Once we mailed out a book to a SIOP member and she received a pair of shoes! It seems the two boxes split open so the post office repackaged the spilled goods and sent them on to two very surprised people. Apparently the person who got the SIOP book liked it as we never got it back.
Then there was the time we sent out the e-mail to thousands of SIOP members telling them that conference registration was open and almost immediately the credit card companys main server went downfor hours! Our phones lit up like a Christmas tree.
And of course there was the time when we discovered that all of the conference registration booklets were sent to the wrong mailing list by the printer. There were some very surprised auto parts storeowners all over the country! The printer reprinted and remailed at his expense and said, Thats why I have insurance.
These it wasnt our fault episodes are offset by some incidents when we had to take the rap. Here are a few of the most memorable:
It is tough to forget the conference program that said Bring this program with you to San Diego. But the conference that year was in St. Louis!
Then of course there was the SIOP tour bus getting lost for over an hour.
And the time the FAX machine melted just before the deadline for registration.
And sometimes situations or decisions that could have ended up as a disaster turned out pretty well:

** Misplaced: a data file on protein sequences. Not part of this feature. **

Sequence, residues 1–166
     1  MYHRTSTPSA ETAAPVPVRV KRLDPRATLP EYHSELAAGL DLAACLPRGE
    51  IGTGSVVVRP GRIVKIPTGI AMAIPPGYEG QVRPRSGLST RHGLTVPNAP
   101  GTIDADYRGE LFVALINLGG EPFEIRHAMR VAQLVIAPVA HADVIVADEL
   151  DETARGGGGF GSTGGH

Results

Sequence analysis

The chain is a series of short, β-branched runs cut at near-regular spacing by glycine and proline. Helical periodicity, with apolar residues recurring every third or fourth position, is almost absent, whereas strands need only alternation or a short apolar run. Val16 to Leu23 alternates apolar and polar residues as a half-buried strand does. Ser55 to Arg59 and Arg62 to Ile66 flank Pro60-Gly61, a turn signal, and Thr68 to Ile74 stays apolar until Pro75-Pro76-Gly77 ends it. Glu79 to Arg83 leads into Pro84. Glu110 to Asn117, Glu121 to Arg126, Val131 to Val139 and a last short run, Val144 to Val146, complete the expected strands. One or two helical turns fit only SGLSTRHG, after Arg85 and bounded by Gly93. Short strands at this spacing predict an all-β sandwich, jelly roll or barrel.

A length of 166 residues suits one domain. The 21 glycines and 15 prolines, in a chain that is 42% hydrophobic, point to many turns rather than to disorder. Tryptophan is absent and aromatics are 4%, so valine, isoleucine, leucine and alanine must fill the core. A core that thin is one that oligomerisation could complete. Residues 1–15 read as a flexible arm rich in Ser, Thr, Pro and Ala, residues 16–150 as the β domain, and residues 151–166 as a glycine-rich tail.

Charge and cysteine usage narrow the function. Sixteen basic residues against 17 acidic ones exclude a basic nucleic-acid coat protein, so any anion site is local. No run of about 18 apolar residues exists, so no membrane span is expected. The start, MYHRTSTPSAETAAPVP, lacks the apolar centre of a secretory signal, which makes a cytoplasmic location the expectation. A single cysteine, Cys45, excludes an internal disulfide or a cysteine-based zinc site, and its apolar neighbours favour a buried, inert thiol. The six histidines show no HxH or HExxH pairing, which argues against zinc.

Before we had electronic conference proposal submissions, the deadline date often brought as many as 500 submissions. Our UPS man must have had a lot of practical intelligence because he learned to schedule his days off around our deadline, effectively making his replacements life miserable. But Big Brown came through for us nevertheless.
And the time I hired a street band for the conference after listening to them play on the streetthen had a lot of sleepless nights wondering if they would actually show up, and if they did, would they be good. They did and they were.
And finally, to borrow from the credit card ad, sometimes events are priceless.
I had always thought of the conference as a place where professional recruiting went on. Much to my surprise, other types of recruiting also seem to occur. My daughter met her husband at the Atlanta conference. She was working for SIOP, and he was attempting to register over the phone for the conference. After a brief but entertaining conversation, he said he would like to meet her at the conference. He had to introduce himself to her twice at the conference because she was working so hard she completely forgot meeting him the first time. He asked her out and the rest is history. She had designed the t-shirts for that conference and she was sure they would be a big hit so we made a lot of them. They werent. So we bought the remainders from SIOP and used them as favors at the wedding!
What I have learned along the way is that there is great satisfaction in taking what could be chaos and rendering it orderly, in supporting others as they try to meet their goals, and making that your own goal. It has been a hoot.